Ahead of 30 October, the day of remembrance of victims of political repression in Russia, EUvsDisinfo talked with Alexandra Polivanova, a member of the board of the NGO Memorial International. She is based in Moscow and has worked with Memorial for many years.
In 1991, 30 October was made a national day in Russia by government decision. The Russian NGO Memorial, where Nobel Peace Prize winner Andrei Sakharov played an important role, has been central in documenting the repression and help honour the victims. It has very large supportive communities across Russia who are helping by donating, with voluntary work or through other support.
In recent years, however, Memorial and other NGOs have come under pressure being labelled by the Russian authorities as “Foreign Agents” in a smear campaign with bogus trials and disinformation, accompanied recently by an attack on Memorial’s Moscow headquarters. Another example is the prosecution and verdict against the independent researcher Yuri Dmitriev who brought back the names of anonymous victims: a court verdict the EU also criticised, calling for his immediate release.
The attack on Memorial – an attack on memory
As Alexandra Polivanova puts it: “Memorial is a grassroots public organisation based on values that are truly present in the society and which contradict the current policy of the Russian state towards the citizens. I guess that the current government is most afraid of its citizens – their impulses, opinions, their electoral choices and their possible actions.”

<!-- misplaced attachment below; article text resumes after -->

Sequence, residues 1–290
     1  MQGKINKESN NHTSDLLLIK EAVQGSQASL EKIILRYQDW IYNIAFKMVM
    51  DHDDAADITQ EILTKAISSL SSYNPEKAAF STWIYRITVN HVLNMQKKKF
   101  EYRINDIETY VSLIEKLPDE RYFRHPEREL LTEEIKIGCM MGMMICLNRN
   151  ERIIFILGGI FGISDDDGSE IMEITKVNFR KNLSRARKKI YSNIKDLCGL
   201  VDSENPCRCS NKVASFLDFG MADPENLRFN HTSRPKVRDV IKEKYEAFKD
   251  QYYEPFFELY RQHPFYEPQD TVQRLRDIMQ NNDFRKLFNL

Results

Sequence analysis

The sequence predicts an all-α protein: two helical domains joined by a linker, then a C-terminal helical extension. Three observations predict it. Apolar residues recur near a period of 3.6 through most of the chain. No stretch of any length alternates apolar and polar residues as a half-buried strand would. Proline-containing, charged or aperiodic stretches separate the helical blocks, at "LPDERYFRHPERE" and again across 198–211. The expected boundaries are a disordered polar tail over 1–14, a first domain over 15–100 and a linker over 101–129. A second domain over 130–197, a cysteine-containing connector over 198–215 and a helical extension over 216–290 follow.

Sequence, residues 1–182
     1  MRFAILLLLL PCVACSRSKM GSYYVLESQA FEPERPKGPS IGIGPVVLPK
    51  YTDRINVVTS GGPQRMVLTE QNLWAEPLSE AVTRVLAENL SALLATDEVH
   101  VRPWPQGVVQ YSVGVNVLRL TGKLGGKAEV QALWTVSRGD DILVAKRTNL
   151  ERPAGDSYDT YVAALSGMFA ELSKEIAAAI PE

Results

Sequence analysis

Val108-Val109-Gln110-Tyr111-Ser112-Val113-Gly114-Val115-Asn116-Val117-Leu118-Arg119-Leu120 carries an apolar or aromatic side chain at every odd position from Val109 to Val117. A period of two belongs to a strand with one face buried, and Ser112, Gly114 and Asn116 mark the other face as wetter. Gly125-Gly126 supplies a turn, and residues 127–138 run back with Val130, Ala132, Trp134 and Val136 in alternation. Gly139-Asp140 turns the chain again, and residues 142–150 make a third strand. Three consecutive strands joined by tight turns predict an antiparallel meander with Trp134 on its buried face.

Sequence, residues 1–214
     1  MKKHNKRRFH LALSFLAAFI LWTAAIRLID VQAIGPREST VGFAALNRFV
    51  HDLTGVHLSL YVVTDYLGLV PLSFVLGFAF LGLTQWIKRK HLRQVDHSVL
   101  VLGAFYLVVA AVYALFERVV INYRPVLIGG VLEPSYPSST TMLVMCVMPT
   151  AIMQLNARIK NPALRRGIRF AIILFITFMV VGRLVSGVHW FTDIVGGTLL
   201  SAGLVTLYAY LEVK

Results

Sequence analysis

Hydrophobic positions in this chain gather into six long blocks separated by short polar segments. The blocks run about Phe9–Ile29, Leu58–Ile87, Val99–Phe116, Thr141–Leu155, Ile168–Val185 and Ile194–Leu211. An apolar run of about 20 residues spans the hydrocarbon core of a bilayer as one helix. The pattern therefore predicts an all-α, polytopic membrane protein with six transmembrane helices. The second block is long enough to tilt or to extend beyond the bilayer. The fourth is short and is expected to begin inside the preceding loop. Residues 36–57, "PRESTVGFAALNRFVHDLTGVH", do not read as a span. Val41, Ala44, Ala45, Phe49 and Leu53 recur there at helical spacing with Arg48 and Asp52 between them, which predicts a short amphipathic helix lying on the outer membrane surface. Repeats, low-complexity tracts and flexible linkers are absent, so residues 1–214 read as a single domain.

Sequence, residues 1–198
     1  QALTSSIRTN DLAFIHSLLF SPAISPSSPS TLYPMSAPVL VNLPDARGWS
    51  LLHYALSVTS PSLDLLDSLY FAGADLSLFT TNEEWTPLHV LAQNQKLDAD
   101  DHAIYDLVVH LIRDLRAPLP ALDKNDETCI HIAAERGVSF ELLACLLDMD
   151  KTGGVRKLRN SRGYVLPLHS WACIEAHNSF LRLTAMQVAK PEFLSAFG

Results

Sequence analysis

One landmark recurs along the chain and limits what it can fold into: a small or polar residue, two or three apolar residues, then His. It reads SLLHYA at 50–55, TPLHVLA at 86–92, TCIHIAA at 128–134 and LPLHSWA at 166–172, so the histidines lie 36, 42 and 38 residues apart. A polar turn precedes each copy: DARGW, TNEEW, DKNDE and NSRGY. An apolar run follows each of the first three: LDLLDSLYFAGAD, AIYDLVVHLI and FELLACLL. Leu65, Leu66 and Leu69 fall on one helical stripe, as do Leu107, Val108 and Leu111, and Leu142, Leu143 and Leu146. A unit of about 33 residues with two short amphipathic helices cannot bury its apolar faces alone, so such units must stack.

When you cannot silence the message, you attack the prestige and position of the messenger – Memorial. Memorial protests the label “Foreign Agent”. Alexandra Polivanova: “Memorial is definitely not anyone’s agent. We work for Russian civil society, which the government is afraid of.” She believes that the legislation has affected many NGOs very hard. “Some NGOs were forced to close. For those who survived it has become very difficult to do their everyday work due to a huge amount of additional bureaucracy. Further, it has become very difficult working with society. Memorial is a public organisation. We have a lot of collaboration with partners – schools, museums, universities, libraries, etc., for all these organisations it is almost forbidden to work with us. Finally, the most important thing: this legislation has a terrible effect on people, on society, on the atmosphere of trust and confidence in society. People are simply afraid of everything not explicitly approved by the state. Many people do not know whom to trust, do not believe in each other. They turn off their own critical thinking.”